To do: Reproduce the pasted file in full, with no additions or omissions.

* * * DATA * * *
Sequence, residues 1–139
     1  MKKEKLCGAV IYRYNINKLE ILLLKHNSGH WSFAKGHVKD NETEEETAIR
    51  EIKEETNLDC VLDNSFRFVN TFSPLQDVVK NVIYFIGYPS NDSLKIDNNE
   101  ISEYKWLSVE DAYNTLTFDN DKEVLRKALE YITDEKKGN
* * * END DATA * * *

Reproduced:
Sequence, residues 1–139
     1  MKKEKLCGAV IYRYNINKLE ILLLKHNSGH WSFAKGHVKD NETEEETAIR
    51  EIKEETNLDC VLDNSFRFVN TFSPLQDVVK NVIYFIGYPS NDSLKIDNNE
   101  ISEYKWLSVE DAYNTLTFDN DKEVLRKALE YITDEKKGN